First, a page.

• Quality photography for artwork: We know, we say this all the time! As Instagram is a visual platform, it makes sense that all of your images should be high quality. However, this doesn’t mean that you have to spend hours to get a perfectly lit shot of your studio or an artfully messy image of your palette and brushes. Focus on clean, cropped photos of your work that can easily be reposted. Make it easy for others to share your work!

  • Along those lines, while it is fun to mix up the type of images that you share, like detail shots, an installation view and works in progress or even your cat, make sure you regularly show finished pieces (perhaps one of every three to five posts depending on how much work you have and how quickly you create new pieces). I came across a really incredible painting that I wanted to share on Create! Magazine’s Instagram so I went to look up the artist’s profile. I scrolled and scrolled, but could not only not find the painting I wanted - I couldn’t even find one single image of a nicely photographed, completed work cropped to the edges!

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  • Use the right hashtags: We discuss hashtags in more depth in our new book “The Smartist Guide” but the general rule is to be relevant to your work while not being too general or your posts will get lost in the mass of images. So if you make sculptures you could use #sculpture, but that has over 10 million posts and #sculptures has over 1 million. Instead you could try #sculptureart (200,000) or #sculpture_art (9,000).

  • It might be your goal to get reposted by a larger influencer account like an art blog, magazine or curator. DM-ing them to ask for a feature isn’t professional and doesn’t work (nor does random tagging unless they specifically request it!). Often, these accounts will post simple directions like using a specific hashtag on your posts for you to share your artwork with them. We look through #createmagazine regularly and love seeing the great images that the artists in our community share with us! Kat also mentioned recently on an Art & Cocktails podcast episode that Instagram doesn’t allow us to sort through all the messages that are sent to us. With the volume of DM’s we receive, after a day or two it is hard to go back and find specific ones even if it was an artist that we liked.

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  • While I can’t speak on behalf of other publications or curators, I personally don’t care what an artist’s follower count is. If I like the work, I will happy reach out for an interview or repost the work whether they have 50, 500 or 50,000 followers. There’s no need to play games by following a bunch of accounts hoping that some will follow you back and then unfollowing them a few days later. People definitely notice and will remember you in a negative light.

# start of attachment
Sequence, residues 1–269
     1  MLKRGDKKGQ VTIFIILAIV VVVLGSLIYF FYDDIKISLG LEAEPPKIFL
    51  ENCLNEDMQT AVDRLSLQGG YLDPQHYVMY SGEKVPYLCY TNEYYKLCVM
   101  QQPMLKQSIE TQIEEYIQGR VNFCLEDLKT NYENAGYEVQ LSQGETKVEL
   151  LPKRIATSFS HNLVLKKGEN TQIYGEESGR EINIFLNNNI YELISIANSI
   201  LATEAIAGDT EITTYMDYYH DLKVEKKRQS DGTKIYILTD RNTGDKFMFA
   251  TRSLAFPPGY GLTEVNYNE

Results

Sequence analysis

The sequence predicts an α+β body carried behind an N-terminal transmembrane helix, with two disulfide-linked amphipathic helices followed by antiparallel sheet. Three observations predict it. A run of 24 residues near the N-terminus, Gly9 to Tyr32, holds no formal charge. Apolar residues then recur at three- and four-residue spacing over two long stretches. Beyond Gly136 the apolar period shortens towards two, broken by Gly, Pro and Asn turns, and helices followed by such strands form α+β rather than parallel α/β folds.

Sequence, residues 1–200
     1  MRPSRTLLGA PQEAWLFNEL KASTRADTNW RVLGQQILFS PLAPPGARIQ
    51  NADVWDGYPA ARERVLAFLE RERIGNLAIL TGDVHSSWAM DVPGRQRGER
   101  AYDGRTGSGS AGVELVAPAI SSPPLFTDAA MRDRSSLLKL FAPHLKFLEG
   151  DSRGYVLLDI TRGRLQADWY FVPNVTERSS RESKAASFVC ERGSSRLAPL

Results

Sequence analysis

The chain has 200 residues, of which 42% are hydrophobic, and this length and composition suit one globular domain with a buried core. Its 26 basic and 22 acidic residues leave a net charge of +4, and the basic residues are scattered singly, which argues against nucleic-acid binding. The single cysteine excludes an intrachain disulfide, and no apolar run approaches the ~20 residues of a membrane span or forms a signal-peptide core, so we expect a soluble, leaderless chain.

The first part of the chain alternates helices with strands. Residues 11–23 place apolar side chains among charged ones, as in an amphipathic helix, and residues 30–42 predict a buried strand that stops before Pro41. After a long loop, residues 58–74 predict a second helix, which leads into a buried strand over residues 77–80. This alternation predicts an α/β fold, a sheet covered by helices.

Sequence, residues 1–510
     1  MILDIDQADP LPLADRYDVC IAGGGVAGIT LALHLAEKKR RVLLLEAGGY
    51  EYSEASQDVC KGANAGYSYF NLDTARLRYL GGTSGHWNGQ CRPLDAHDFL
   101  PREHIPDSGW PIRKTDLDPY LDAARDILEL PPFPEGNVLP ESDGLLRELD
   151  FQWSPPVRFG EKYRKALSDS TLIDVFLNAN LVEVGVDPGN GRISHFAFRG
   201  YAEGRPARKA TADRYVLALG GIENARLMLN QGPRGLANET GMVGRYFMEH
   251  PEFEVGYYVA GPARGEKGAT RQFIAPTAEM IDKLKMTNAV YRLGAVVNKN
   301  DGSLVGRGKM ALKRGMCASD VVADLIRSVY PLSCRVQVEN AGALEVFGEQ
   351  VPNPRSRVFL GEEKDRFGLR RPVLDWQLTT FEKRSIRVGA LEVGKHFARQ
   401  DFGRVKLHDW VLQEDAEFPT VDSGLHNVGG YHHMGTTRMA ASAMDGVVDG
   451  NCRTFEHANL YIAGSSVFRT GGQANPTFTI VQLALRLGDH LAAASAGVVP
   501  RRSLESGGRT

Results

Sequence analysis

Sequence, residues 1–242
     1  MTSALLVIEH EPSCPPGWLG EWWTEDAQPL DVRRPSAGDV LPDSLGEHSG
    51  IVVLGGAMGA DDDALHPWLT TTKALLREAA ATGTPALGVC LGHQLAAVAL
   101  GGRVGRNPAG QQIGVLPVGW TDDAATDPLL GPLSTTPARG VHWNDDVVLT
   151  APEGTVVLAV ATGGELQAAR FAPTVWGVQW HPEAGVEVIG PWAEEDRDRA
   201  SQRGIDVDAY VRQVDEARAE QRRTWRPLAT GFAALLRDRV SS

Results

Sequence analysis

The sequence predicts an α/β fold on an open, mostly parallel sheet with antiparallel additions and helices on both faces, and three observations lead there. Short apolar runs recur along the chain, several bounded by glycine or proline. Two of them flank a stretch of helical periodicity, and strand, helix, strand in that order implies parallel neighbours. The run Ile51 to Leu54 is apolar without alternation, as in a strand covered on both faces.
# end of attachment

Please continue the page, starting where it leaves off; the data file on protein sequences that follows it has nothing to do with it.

• Make connections with other artists, curators, galleries and arts publications that you genuinely like. This way you can meaningfully engage with their posts. For example, if you leave a particularly nice or interesting comment on a post, it is likely that they’ll click through to your page. It pays off to be a friendly follower :)

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  • Don’t feel pressured to post new content all of the time! It’s likely that only a fraction of your followers will see any given post so if one has performed particularly well feel free to share it again a while later. Especially as you get more new followers, it is a great idea to keep putting your best work out there - you never know when a new writer or curator will end up on your feed!

  • When you do inevitably get your work shared, you can definitely repost it on your profile to be proud of your accomplishment and it’s also good practice to leave a comment thanking them for the feature. Hopefully one shared work will cause a chain reaction leading to more! That happened to Kat last year with a piece she didn’t expect and early in my career as well with a completely different type of work than what I usually made. Be patient and consistent with your posts and it will happen to you too!

Above all, none of this is important if you aren’t yet happy with your work or don’t have finished pieces to show. Put the time in your studio to get to the point where you have a really strong body of work to post about first and then trust us, the rest will follow.

Happy ‘gramming!

-Alicia

If you’d like to hear more about what writers are looking for on Instagram, you can check out the Art & Cocktails episode Kat did with our other magazine contributor Christina Nafziger at createmagazine.com/podcast.